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VROC® it!

LIVE Webinar: Monitoring Self Assembly in Complex Fluids with Viscosity

Amphiphilic molecules, which contain both hydrophilic and hydrophobic domains, can self-assemble in aqueous solutions. One of the most common structures formed is the spherical micelle where the hydrophobic groups reside in the core to be shielded from exposure to water. A variety of common molecules form spherical micelles including surfactants, multi-block polymers, and certain types of proteins. Since viscosity is a sensitive indicator of the fluid microstructure, it is a useful tool to characterize various aspects of micelle formation.Surfactants & critical micelle concentration (CMC) - DataPhysics Instruments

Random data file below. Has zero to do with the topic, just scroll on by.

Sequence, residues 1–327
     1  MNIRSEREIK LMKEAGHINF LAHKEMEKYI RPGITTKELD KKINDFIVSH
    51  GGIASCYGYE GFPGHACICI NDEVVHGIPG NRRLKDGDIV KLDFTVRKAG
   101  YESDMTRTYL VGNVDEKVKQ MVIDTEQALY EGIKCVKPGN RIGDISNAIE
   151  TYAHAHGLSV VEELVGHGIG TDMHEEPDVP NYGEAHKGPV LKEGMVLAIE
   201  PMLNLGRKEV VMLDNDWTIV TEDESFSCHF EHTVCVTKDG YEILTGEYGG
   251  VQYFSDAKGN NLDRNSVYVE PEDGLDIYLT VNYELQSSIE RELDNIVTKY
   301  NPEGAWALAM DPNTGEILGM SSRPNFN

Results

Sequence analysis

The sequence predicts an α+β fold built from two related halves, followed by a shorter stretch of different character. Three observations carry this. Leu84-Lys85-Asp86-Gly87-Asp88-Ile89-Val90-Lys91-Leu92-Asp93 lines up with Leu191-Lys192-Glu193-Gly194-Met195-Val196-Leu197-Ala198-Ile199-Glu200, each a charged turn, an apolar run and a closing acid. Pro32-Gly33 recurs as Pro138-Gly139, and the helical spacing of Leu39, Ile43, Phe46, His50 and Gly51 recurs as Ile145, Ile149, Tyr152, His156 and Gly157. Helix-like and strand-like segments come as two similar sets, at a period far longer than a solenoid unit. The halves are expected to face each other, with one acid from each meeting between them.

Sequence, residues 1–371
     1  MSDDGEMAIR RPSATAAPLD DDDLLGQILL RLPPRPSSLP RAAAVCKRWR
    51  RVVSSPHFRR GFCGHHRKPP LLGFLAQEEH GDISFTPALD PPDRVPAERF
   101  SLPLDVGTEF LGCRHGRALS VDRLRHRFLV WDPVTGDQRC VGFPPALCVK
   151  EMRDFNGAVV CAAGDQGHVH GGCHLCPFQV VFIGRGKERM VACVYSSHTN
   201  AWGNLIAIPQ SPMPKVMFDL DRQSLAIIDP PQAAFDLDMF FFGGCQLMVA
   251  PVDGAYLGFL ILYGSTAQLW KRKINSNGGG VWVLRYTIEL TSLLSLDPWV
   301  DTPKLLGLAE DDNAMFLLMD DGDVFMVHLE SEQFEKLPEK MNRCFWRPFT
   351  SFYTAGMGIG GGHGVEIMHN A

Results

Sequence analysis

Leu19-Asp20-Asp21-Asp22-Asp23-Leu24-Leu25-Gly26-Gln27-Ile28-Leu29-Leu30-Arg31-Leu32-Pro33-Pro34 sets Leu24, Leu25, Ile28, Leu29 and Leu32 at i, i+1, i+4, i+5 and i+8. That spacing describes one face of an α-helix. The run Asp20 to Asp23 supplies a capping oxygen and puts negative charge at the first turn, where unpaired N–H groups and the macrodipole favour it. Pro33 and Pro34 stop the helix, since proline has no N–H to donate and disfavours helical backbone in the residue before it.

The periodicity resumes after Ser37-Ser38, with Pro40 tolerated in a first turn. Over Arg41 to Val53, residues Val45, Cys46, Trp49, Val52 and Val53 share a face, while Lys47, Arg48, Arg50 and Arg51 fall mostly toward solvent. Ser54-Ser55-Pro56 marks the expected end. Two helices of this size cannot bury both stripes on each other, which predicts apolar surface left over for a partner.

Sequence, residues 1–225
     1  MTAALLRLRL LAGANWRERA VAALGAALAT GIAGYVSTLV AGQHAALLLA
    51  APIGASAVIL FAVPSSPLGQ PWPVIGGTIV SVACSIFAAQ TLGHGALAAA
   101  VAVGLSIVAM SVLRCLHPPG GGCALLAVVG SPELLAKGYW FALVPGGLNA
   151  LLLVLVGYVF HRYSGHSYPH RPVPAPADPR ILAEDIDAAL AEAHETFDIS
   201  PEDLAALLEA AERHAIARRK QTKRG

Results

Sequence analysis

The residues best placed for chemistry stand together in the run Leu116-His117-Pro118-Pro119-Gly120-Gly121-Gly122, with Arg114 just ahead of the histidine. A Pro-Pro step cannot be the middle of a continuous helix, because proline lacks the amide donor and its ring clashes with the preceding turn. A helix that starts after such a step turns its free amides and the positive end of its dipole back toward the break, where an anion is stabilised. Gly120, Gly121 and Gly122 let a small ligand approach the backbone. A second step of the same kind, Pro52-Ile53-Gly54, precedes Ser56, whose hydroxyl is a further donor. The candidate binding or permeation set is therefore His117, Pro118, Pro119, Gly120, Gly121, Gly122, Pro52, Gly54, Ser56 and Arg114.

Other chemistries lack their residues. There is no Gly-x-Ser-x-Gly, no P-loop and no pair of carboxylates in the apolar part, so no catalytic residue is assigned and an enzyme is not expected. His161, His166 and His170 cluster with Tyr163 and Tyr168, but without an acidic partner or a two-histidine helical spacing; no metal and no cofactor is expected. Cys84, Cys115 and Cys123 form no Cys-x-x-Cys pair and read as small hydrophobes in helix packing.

Please join us on August 31st as we discuss the use of our fully automated VROC® initium one plus viscometer to characterize the self-assembly of both surfactant and milk protein formulations. The focus will be on the benefits of concentration dependent viscosity measurements and the information that can be extracted. For the surfactant solutions, viscosity will be presented as an alternative method to surface tension for identification of the critical micelle concentration or CMC. A full intrinsic viscosity or dilute concentration series analysis of sodium caseinate will be reviewed. We will also illustrate how the intrinsic viscosity parameter can be combined with the protein molecular weight to estimate the hydrodynamic radius and volume fraction of the sodium caseinate micelles.


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